Education and Awareness Programs

What is it?

Education and Awareness Programs seek to inform municipal citizens and stakeholders on issues important to the municipality and the community, with the intent of creating some sort of behavioural change. Such programs generally seek to provide awareness of municipal initiatives, increasing understanding of how a decision was made, and in turn support for the initiative. This is a broad category, and can include everything from adult literacy to social marketing to classroom-based education.

How can municipalities use it?

Education and Awareness Programs can build broad awareness of the importance of the natural infrastructure system, along with solutions citizens can implement daily that reduce their individual impact on the system. Municipalities can incorporate education programs into strategies and plans as a key component of implementation. For example, a municipality can initiate a program that educates citizens on the naturalization of a particular park, ensuring citizens understand the benefits of the decision, thereby creating support for future naturalization efforts. As well, municipalities can support education programs through partnering with organizations that specialize in environmental education.

What are the advantages?

Education and Awareness Programs can have the following advantages:

  • Provides willing citizens with resources needed to adopt practices beneficial to natural infrastructure

  • Can proactively create support for yet-to-be implemented initiatives

  • Can be strategically targeted at specific initiatives where natural infrastructure understanding may be low

  • May be significantly less expensive, both financially and reputationally, than crisis management

  • Can decrease public resistance to regulatory changes

What should you watch out for?

No tool is a silver bullet. There are some considerations to be made about Education and Awareness Programs:

  • Resources are required to develop and administer education programs

  • Education alone does not necessarily lead to behavior change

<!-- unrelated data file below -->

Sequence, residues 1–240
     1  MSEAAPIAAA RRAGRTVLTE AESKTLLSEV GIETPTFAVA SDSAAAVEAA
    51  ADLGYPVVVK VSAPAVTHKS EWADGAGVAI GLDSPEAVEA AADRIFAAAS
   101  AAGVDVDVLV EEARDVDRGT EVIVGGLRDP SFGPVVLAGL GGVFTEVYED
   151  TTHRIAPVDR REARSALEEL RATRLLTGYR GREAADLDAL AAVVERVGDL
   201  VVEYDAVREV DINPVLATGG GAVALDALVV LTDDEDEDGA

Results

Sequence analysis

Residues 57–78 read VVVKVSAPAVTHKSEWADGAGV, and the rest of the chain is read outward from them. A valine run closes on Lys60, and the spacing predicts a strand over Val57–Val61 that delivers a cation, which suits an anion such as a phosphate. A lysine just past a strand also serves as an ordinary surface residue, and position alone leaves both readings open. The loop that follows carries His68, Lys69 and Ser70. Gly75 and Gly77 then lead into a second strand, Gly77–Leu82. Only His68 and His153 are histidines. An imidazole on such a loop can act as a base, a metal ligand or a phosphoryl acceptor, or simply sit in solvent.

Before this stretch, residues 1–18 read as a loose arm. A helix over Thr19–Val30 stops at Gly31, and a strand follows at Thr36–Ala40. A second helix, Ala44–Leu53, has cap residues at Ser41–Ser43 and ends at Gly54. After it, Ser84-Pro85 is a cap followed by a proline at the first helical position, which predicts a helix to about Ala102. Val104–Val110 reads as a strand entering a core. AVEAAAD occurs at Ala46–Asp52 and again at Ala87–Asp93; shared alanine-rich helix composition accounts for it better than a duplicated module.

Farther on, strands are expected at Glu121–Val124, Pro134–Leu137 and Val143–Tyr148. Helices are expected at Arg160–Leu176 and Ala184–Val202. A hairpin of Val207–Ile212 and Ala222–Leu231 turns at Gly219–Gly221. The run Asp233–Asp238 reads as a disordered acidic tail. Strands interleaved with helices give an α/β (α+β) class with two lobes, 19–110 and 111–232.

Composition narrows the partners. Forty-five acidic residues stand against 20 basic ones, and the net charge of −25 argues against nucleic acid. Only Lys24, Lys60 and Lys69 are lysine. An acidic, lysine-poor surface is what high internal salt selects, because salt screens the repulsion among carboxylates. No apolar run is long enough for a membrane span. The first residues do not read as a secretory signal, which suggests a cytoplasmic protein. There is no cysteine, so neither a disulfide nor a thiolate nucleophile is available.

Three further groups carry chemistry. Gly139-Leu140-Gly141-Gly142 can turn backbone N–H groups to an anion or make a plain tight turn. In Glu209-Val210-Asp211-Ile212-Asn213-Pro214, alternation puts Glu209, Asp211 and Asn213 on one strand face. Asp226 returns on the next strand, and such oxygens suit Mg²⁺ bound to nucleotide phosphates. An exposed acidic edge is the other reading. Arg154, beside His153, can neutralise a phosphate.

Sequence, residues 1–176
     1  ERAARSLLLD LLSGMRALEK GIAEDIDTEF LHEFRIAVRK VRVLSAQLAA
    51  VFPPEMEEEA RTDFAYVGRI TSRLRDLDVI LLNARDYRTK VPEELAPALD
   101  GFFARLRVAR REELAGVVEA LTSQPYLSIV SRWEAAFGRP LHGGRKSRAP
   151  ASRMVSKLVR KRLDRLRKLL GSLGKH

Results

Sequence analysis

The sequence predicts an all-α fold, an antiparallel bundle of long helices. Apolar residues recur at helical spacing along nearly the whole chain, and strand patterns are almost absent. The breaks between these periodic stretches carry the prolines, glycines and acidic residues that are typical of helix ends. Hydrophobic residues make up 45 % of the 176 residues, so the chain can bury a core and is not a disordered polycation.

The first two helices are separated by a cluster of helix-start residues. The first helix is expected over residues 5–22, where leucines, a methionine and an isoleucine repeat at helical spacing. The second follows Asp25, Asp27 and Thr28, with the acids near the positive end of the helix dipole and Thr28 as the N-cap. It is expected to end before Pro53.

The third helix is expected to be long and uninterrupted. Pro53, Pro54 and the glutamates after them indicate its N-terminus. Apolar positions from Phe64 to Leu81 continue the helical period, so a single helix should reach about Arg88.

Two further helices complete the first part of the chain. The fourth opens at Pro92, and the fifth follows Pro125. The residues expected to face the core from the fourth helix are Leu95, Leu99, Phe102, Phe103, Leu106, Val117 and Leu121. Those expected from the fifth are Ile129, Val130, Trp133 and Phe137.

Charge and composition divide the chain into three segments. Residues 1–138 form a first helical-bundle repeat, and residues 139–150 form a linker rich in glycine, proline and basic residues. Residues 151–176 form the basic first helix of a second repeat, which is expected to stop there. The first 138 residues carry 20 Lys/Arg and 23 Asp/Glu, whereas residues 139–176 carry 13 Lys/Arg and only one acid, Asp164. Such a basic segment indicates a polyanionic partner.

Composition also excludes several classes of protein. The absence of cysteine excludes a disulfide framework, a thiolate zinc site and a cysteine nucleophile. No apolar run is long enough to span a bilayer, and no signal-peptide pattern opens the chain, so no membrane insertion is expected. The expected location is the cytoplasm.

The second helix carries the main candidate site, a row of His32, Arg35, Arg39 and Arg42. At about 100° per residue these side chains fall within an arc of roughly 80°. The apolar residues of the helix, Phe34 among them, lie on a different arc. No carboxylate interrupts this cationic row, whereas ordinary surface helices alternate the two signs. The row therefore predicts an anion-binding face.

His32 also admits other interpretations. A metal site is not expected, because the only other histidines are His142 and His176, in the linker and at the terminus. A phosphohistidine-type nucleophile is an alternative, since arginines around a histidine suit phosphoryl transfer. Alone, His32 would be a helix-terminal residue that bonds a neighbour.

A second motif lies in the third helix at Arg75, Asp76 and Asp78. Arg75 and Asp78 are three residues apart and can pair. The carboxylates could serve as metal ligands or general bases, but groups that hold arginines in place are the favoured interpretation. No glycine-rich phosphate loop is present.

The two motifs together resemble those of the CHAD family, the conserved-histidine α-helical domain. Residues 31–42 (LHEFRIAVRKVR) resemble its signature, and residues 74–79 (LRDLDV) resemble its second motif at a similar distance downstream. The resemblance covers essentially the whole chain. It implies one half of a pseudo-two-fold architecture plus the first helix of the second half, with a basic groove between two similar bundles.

• Programs need to be ‘behaviourally focused’, with a clear indication of the desired change in behaviour

  • Programs may be very long term to generate the desired outcome

  • May not have time to implement a program in the face of rapid land conversion

How can it help maintain natural infrastructure?

Education and Awareness Programs can raise citizen awareness of the importance of the natural infrastructure system, and lead to support for municipal actions that protect the system. This helps to ensure that a municipality can continue to reach environmental goals. As well, education programs can encourage citizens to adopt “green’ practices and become stewards of natural infrastructure.

Resources

The Way We Green, Edmonton – Edmonton's 30-year environmental strategic plan includes education and outreach as the essential first stage of garnering the community support necessary to implement the plan.


Call of the Wetland, Calgary – The City of Calgary partnered with the Miistakis Institute, Alberta Conservation Association, and the Calgary Zoo to carry out a three-year citizen science project that educated citizens on wetland conservation issues, while gathering important information on amphibians in Calgary, filling a data gap.


Mayor’s Environment Expo, Calgary – The annual Mayor's Environment Expo is held in conjunction with National Environment Week with the goal to empower and educate Calgary’s youth to practice and promote environmental actions, shaping a healthier and greener city for tomorrow.


Riparian Strategy: Sustaining Healthy Rivers and Communities – The City of Calgary developed this document to guide the protection, restoration and management of riparian areas in the City. Part their plan includes educational programming.


Green Bylaws Toolkit: for conserving sensitive ecosystems and green infrastructure – This document is an important resource for understanding how municipalities and developers can safeguard the environment, from a regional to a site level. It clearly explains each tool, and provides case studies and examples of bylaws that are in use in British Columbia. This document describes the importance of public education as a proactive approach to preventing environmental harm.

Did we miss something?

If you know of a resource that should be on this list - or your municipality has a sample or case that should be here, please let us know!